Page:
Tips to Give the F&I Experience You Would Want Yourself
It’s a foregone conclusion that every customer that walks into the F&I office has their collective guard up. No one wants to be given the fast-talking, hard sales pitch to get them to buy a VSC or appearance protection for a car or truck that is already expensive enough without adding all that.
Add to that decades of a less-than-perfect reputation among F&I managers and you always have a mountain to climb when it comes to being able to present your menu of products & protections with any chance of it being added.
The bottom line….no one likes to be ‘sold’. Your buyers sit in your office no different than any of us would and it’s important to treat them the same way we would want to be treated.
It starts with reframing how this process works in the F&I office to help go from an immediate defensiveness to a willingness to listen and understand more about how these products can help increase peace of mind.
There are two approaches that are sure to help you sell more and reduce the friction that comes with skeptical buyers…
Show, Don’t Tell
Most buyers are coming into the dealership having done anywhere from 12-15 hours of their own online research on the car or truck they want. And guess what? Along the way they may have also looked up content online that helped them understand what F&I products are and whether or not they should consider them.
Here’s where your staff gets to shine. Be prepared to show why the protections you offer will help them in the long run. The first thing customers are looking for is the insights they need to make the right financial decision. Showing helps here more than selling.
Show them the difference in having GAP or not having it by breaking down the real numbers of what not having that protection will cost them.By leveraging simple tools like service RO’s and invoices from your parts department for some pricey replacement parts can quickly illustrate the need for a VSC. Have a badly scuffed up alloy rim in the office (if you have room) to show how quickly they can get damaged and how it can impact trade-in values. You get the point.
Ultimately it becomes less about selling and more about giving them a chance to think of that money being spent as their own. It always them to see themselves having to come out-of-pocket and no one looks at that with anything but dread.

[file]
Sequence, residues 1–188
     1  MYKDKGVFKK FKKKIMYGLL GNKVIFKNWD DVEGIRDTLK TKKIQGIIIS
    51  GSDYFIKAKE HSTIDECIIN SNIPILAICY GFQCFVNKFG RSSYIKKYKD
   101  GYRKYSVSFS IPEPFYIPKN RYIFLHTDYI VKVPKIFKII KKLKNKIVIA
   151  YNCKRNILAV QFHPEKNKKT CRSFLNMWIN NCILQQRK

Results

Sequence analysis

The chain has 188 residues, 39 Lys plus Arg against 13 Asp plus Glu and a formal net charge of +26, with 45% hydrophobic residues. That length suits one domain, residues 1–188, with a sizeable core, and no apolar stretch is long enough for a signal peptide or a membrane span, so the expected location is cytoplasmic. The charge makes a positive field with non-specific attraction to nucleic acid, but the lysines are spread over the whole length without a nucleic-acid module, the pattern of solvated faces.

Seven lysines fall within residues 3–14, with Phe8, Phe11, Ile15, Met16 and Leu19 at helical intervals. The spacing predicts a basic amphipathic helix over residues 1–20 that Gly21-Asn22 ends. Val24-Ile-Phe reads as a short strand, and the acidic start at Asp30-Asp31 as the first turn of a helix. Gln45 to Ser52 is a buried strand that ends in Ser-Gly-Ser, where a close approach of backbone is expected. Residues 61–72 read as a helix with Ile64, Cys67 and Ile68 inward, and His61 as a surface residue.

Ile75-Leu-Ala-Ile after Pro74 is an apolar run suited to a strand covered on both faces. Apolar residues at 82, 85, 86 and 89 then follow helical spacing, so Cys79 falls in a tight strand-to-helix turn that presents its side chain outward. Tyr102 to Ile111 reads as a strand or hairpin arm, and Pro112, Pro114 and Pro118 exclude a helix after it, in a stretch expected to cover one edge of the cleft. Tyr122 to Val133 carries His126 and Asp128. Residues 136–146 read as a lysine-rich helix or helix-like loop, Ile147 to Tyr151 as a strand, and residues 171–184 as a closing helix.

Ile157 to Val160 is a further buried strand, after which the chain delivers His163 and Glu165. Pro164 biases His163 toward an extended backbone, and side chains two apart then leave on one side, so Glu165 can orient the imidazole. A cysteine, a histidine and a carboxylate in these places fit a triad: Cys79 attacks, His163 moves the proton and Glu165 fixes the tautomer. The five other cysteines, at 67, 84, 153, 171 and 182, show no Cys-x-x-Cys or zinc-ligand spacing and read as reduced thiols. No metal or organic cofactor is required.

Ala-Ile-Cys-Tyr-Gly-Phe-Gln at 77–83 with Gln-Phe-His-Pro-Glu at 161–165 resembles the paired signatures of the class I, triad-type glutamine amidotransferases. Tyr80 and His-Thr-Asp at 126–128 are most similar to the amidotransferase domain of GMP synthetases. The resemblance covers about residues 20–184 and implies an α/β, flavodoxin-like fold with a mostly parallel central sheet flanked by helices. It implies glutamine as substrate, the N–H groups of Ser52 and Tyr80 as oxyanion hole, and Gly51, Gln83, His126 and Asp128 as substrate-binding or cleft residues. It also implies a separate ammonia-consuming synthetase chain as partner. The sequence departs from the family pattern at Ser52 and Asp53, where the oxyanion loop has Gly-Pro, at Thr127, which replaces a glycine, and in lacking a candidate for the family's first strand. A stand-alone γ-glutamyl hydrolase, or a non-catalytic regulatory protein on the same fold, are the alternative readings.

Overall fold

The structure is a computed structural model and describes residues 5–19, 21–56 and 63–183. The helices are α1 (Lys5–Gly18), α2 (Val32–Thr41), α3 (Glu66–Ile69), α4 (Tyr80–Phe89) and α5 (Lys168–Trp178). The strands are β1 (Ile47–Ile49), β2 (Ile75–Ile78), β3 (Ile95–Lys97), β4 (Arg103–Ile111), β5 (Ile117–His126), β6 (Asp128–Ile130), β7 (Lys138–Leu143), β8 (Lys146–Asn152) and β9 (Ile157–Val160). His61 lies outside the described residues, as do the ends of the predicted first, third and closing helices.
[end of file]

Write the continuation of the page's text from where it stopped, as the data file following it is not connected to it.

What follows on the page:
To follow along with the ‘don’t sell me' theme, trust is often the positive side effect of approaching the presentation as just that…you are presenting the protections that you know car buyers probably neve rethink about until it’s too late. This is the opportunity to show that you truly are looking out for your customer and not just seeing them as the next high PVR.
Trust starts with a mix of empathy and interest in the customer. They go hand-in-hand…if you strive to truly understand their ownership/driving profile, you are able to conduct the kind of thorough interview that will help them uncover their needs. You are helping them come to the conclusions on their own.
Empathy comes in the form of being less of a F&I manager/salesperson and more of a car buyer just like them. Nearly everyone has bought a car from a dealership and everyone must go through F&I before they drive it off the lot. And here’s where your empathy can foster that next-level trust. By sharing some of your own experiences, good and bad, you allow the customer to see that they are no different than you…and that’s why how YOUR dealership handles F&I is so different. You’ve sat on that side of the desk just as they are now.
Trust also becomes easy to earn when you are approaching the presentation with transparency and a willingness to answer questions. Too often F&I managers in a hurry or desperate to push their PVR higher will be less apt to answer detailed questions about a policy or coverages and simply gloss over it to push to the close. Wrong move.
Answer questions, it’s ok. Customers will appreciate honesty and candor when it comes to questions about deductibles, what’s covered and not covered, and important exclusions that are better known now than when their car is on the side of the road disabled. If they feel you are hiding something, you won’t sell as much as you should…period.
Some of the most skilled salespeople in nearly every industry educate first, close last. Your customers want to know why they need GAP. They want to know they can trust you to tell them exactly why VSC can be critical on their $55k SUV purchase.
They want their needs to be heard and you want them to self-discover those needs while maintaining trust throughout the presentation. Teach them and they will buy.
For more insights and help with your F&I menu and marketing, reach out to us here at TruWarranty for the support and training you need to make your customers enjoy walking into F&I.
Most people would agree that the dealership environment works best when all the managers across departments work together for the common good of the store. Each department is in some way interdependent on the other for support for the common goals of profitability. Service can support sales efforts in F&I, Parts and Service fit together like a glove on a daily basis, and F&I managers often lean on Sales Managers to help bring in buyers that are qualified before they come into the office.
What if we told you there was an easier way to consolidate your financing partners and your F&I providers all in one free menu?